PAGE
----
DHEA produced by the body naturally “extends” protective benefits to women as their estrogen levels decrease, but only for a time. There is a progressive decrease in serum DHEA which starts in the mid 20’s with an average 60% loss observed by menopause (5) as seen in the diagram below:
The great news for women is that while DHEA levels decline naturally over time, it can be introduced and utilized by the body after 30+ years of age to help slow our aging process and revitalize vaginal health.
Why topical DHEA is the answer…
While used for a variety of other health benefits, it’s important to know that oral DHEA has not been shown to address vaginal dryness and atrophy symptoms and has increased side effects. (6)
Research surrounding vaginally applied DHEA has shown that it can…
- Reduce vaginal dryness and irritation
- Have favorable effects on skin health and appearance (7) due to the production of collagen
- Strengthen vaginal musculature
- Increase bone mineral density
- Decrease pain during intercourse
- Increase arousal and libido, as well as sexual satisfaction (8)
- Transform DHEA to testosterone and the estrogen, estradiol (9) and this natural production of estradiol occurs without a significant release of estrogens systemically in the blood.
I along with other physicians have been able to write prescriptions for customized vaginal and topical DHEA and other hormones for decades with much positive results. Just this past November, 2016 the FDA approved the first DHEA vaginal suppository to address pain during intercourse.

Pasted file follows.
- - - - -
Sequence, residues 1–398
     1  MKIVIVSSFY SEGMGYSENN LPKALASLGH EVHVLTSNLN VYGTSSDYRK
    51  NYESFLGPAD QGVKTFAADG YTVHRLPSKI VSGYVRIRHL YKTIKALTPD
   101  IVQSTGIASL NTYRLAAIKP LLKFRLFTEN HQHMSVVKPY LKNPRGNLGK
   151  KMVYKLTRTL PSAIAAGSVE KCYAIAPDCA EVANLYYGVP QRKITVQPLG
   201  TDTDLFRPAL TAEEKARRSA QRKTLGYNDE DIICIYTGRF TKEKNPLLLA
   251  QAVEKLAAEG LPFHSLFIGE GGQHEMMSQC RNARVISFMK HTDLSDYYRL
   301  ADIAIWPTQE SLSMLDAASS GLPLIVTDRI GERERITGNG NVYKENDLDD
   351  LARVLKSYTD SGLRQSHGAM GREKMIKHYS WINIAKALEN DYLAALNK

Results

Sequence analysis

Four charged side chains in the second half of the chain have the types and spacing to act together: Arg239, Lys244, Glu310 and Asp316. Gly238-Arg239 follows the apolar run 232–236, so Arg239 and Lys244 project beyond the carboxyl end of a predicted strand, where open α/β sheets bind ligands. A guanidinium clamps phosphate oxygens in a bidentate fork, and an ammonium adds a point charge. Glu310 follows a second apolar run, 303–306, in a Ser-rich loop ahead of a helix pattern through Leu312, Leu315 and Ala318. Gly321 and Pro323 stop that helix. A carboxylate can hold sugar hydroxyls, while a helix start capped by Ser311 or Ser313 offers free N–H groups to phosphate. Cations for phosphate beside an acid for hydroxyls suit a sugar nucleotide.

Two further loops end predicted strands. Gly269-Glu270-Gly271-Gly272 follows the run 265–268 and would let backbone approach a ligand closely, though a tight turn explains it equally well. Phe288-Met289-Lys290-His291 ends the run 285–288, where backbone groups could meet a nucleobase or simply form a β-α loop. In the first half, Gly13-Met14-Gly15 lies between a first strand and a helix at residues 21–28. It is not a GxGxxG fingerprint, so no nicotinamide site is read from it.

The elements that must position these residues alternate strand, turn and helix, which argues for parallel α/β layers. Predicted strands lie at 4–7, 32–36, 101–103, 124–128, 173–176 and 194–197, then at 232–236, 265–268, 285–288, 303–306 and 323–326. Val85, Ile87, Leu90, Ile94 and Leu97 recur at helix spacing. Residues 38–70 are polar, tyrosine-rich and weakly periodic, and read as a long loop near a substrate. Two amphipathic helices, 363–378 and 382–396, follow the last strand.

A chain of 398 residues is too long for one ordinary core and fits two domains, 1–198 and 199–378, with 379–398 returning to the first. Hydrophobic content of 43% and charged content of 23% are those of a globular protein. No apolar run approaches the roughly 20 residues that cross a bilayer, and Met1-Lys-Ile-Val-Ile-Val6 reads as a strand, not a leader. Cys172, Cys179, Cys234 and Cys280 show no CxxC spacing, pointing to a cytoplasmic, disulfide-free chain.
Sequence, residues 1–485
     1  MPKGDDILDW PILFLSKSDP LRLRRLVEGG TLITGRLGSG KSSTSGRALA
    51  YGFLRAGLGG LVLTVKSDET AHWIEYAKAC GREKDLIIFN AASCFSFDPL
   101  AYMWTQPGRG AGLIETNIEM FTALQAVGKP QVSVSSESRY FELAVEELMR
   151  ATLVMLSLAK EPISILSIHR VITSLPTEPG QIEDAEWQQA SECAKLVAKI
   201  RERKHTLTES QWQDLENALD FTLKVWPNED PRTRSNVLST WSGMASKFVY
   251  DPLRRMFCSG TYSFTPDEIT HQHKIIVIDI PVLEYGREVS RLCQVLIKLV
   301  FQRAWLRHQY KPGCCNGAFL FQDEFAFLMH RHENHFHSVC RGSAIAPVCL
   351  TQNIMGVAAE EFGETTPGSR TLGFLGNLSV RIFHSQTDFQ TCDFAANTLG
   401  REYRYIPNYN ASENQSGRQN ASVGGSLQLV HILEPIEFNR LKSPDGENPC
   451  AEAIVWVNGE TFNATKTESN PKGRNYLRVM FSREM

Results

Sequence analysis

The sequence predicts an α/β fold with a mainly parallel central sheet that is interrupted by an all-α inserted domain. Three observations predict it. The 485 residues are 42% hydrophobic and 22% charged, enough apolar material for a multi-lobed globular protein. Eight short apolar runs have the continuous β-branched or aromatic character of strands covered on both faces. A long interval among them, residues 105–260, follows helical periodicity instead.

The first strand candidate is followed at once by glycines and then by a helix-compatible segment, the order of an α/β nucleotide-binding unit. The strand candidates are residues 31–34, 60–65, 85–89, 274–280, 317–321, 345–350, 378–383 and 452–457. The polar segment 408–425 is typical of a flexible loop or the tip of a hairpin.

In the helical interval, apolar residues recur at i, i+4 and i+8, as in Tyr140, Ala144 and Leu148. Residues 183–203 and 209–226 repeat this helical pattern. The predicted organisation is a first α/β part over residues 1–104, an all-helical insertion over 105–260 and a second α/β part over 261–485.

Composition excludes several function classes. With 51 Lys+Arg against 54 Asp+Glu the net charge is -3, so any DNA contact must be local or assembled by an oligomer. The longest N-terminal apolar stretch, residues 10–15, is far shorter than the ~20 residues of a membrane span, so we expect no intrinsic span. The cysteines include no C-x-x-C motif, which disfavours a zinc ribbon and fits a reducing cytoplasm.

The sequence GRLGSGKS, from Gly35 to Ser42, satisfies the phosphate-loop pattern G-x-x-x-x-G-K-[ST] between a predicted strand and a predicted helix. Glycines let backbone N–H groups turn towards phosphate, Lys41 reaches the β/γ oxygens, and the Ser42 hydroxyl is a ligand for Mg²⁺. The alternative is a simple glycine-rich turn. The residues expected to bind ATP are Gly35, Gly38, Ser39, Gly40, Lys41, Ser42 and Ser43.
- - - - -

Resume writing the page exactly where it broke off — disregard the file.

My own clinical experience using DHEA for vaginal dryness & atrophy
As an Emory trained physician, I started using androgen therapy in my private practice in 1999. I used bioidentical DHEA and Testosterone vaginally or applied it topically to the vulvar area. Patients regularly came to me complaining of vaginal atrophy symptoms including vaginal dryness, irritation, pain during intercourse, and urinary leakage. Many suffered from libido issues.
I routinely achieved positive results with my patients for improvements to sexual health and vaginal dryness, and a reduction in irritation and pain during intercourse. There were regular improvements in libido, arousal, and sexual satisfaction as well.
Some patients also reported decreased incontinence symptoms. Many patients seeing me for possible surgery due to pelvic prolapse and stress incontinence issues were able to avoid surgery altogether once I prescribed vaginal DHEA and testosterone to them!
For these patients, a physical examination confirmed their reported improvement – there were notable tissue improvements in the lining and within the vaginal ruggations (the normal folds and elasticity) as well as contractility (the ability to contract the muscles of the pelvic floor). This meant more strength, more support to the urethra and bladder too.
I wanted to be able to provide a non-prescription based topical solution that provided anti-aging benefits. This would provide women all over the world with a less embarrassing option to address a significant quality of life and overall health issue associated with aging.
Three years of research along with my extensive clinical results led me to combine DHEA into a cream form with other quality natural ingredients having been shown to be beneficial to the skin and its underlying tissues. I called this feminine non-prescription anti-aging cream for the vulva, urethra, and vagina “Julva®”.
New to the market, it already has hundreds of women providing heart-felt testimonials about how it has helped them physically and mentally…as well as sexually. Here are just a couple stories of women having success with Julva…
In closing, what you need to know about DHEA & your “desert down under”…